In music for stringed instruments, especially guitar, an open chord (open-position chord) is a chord that includes one or more strings that are not fingered. An open string vibrates freely, whereas a fingered string will be partially dampened unless fingered with considerable pressure, which is difficult for beginner players. In an open chord, the unfingered strings are undampened, and the player is able to exert maximum pressure on the fretted strings, to avoid unwanted dampening. On a regular six-string guitar, an open chord can have from one to six open strings sounding. In contrast, all of the strings are fingered for a barre chord, which requires greater technique to be allowed to ring freely. To dampen a barre chord, a player simply needs to relax the fingers. Fully dampening an open chord requires the player to roll the fingers of the left hand over the open strings, or else dampen with the right hand.
Guitarists use capos, which are devices that clamp down the strings to create a movable nut, to play open chords in different keys. With a capo on the first fret, the guitarist can finger the shape of the open A minor chord, but the result will be a B♭ minor chord. Open chords on guitar are used in a wide range of popular music and traditional music styles.
In guitar music, open chords are also called cowboy chords owing to their simplicity and reminiscence of a "cowboy strummin' away on the prairie."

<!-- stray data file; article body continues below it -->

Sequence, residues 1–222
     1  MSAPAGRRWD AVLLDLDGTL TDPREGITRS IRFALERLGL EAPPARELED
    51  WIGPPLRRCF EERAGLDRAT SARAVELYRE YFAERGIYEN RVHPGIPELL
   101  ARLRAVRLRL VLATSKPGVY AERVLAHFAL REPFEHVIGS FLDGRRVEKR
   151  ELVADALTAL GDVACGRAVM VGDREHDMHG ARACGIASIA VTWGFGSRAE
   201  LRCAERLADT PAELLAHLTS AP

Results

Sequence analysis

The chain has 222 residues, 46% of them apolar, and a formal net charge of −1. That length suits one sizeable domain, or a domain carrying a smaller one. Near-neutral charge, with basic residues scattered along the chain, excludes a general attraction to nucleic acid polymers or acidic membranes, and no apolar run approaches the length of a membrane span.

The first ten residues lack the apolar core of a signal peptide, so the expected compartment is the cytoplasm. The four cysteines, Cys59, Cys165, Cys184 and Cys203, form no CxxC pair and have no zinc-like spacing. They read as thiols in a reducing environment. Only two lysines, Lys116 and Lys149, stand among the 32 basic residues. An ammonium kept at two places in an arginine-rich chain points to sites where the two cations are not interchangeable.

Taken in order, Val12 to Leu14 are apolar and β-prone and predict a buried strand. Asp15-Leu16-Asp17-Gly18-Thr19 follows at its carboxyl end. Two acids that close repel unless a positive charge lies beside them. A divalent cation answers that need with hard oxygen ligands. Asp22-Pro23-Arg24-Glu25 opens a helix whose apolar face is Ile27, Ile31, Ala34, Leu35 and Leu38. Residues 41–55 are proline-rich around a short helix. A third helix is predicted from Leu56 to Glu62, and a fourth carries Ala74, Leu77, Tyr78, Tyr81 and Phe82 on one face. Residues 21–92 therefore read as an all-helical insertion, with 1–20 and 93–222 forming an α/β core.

Advanced guitar chords may rely on the use of open strings alongside strings fretted in higher positions. For example fretting the E-barre shape on the fifth fret without the barre allows the open E, A and E to ring alongside the higher position E, A and C#. The strumming on the middle section of "Stairway to Heaven" is played using such chords. Chord books are available including such chords, but many guitarists experiment to form their own distinctive chords.
When composers instruct string section players (violin, viola, cello, double bass) to play double stops (two notes at once) or triple stops (three notes at once), they often include one or two open strings in the chord voicing, unless they are writing for a virtuoso soloist. When writing for amateur or youth ensembles, composers typically use open strings to form double stops; in this fashion, the player only has to "stop" one note. Using open strings in double stops and triple stops also improves the resonance and sustain of the chord, because open strings ring more fully and longer than "stopped" strings.